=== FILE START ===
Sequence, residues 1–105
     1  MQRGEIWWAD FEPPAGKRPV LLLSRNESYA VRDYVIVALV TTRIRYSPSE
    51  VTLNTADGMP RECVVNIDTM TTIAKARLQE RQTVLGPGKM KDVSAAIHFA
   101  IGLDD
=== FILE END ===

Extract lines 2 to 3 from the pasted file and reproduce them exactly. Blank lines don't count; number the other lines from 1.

     1  MQRGEIWWAD FEPPAGKRPV LLLSRNESYA VRDYVIVALV TTRIRYSPSE
    51  VTLNTADGMP RECVVNIDTM TTIAKARLQE RQTVLGPGKM KDVSAAIHFA